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Cut Melon Linked to Dozens of Salmonella Food Poisoning Cases, Hospitalizations

Fresh cut melons and mixed fruit sold at Costco, Walmart and other popular grocery chains have been linked to a multi-state outbreak of salmonella food poisoning, which has already sickened at least 60 people in five different states. 

The FDA announced a Caito Foods fresh cut melon recall on June 9, after the products were linked to cases of Salmonella Adelaide, which has hospitalized more than half of the individuals sickened.

Federal health regulators are actively monitoring the Salmonella outbreak, to find all of the retailers who received the recalled fruit, and have them removed from store shelves immediately.

Investigators from the CDC began receiving illness reports April 30, 2018 and believe there could be additional cases not yet reported, due to the two to four week average lag of illnesses being reported to federal health officials.

According to the CDC epidemiologic and traceback investigations, a majority of the sickened individuals interviewed reported eating pre-cut melon purchased from grocery stores, including cantaloupe, watermelon, or fruit salad mixes with melon. The remaining individuals interviewed reported eating melon but could not specify if the products were precut.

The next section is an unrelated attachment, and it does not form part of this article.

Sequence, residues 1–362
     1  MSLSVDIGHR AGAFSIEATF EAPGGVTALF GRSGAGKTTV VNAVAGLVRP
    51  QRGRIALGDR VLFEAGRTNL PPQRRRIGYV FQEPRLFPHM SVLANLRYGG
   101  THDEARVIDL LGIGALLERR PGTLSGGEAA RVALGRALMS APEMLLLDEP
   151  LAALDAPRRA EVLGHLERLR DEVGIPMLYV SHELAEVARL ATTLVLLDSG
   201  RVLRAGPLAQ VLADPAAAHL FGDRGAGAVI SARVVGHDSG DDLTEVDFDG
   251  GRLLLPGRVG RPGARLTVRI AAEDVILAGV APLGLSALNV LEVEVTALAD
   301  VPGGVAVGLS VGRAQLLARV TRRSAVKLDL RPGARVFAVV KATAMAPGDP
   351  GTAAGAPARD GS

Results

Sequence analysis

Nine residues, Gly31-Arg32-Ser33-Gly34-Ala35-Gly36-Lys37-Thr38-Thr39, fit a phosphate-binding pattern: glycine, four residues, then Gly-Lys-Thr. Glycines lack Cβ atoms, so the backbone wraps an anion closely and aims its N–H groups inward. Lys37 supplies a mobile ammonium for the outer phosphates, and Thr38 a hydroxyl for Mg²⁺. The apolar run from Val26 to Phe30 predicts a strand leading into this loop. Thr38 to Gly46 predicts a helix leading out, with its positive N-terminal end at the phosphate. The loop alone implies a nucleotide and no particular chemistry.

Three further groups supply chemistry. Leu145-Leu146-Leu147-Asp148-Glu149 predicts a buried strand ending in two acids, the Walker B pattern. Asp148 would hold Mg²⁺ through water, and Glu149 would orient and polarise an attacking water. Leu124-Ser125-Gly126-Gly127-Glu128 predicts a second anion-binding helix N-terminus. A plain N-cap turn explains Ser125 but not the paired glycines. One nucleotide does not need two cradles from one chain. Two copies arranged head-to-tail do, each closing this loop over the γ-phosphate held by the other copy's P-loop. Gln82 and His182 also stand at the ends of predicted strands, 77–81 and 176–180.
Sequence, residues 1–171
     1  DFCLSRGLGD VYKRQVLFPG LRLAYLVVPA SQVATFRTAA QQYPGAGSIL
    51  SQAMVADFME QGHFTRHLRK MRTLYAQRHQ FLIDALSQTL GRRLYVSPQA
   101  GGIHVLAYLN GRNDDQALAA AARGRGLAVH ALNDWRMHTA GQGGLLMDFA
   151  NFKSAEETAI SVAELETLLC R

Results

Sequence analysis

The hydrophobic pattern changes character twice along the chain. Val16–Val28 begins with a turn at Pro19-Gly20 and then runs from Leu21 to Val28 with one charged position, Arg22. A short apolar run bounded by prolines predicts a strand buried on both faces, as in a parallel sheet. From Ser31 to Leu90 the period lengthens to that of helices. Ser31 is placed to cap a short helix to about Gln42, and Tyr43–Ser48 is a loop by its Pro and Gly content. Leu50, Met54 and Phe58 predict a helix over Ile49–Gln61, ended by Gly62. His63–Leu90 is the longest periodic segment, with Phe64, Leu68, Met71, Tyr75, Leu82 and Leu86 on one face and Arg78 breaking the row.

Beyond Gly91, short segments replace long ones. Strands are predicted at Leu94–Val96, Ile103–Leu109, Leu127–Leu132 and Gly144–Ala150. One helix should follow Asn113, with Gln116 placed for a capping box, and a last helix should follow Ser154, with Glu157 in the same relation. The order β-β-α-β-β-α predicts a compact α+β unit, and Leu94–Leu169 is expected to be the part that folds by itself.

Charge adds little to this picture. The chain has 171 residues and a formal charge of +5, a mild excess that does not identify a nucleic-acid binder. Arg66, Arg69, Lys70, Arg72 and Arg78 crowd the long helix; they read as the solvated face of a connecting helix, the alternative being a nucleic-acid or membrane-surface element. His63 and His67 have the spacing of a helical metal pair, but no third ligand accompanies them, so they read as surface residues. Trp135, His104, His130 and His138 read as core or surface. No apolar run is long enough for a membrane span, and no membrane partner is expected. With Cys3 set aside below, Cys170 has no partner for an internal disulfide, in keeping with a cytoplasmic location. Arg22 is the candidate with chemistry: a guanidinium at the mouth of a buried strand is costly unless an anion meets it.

The recalled fruit includes fresh cut watermelon, honeydew melon, cantaloupe, and fresh cut fruit medley products that were sold in clear, plastic clamshell containers at Costco, Jay C, Kroger, Payless, Owen’s, Sprouts, Trader Joe’s, Walgreens, Walmart, and Whole Foods/Amazon retailers. A full list of the recalled products is available in the FDA recall notice.

The fruit was distributed by Caito Foods, LLC of Indianapolis, Indiana to retailers in Georgia, Illinois, Indiana, Kentucky, Michigan, Missouri, North Carolina, and Ohio. Michigan has reported more than half of the illnesses to date, with other reports coming from Illinois, Indiana, Missouri and Ohio.

The FDA and CDC are instructing customers to not eat any of the recalled fruit products and to properly discard them. Those with fruit products that are unsure of where they were purchased or unsure of the distributor should discard also discard the products. Retailers are being instructed to remove any and all recalled products or products that could have come in contact with the contaminated fruit products.

Salmonella infections can cause mild to severe health consequences depending upon the individual. The bacteria may cause a healthy person to experience fever, diarrhea, nausea, vomiting, and abdominal pain whereas the young or elderly with weakened immune systems may face more severe consequences, including fatal infections.

Among pregnant women, salmonella poisoning may cause still births and miscarriages. Occasionally, salmonella infections may travel through the bloodstream and produce illnesses such as arterial infections, endocarditis and arthritis, which can cause severe to potentially life threatening health consequences.

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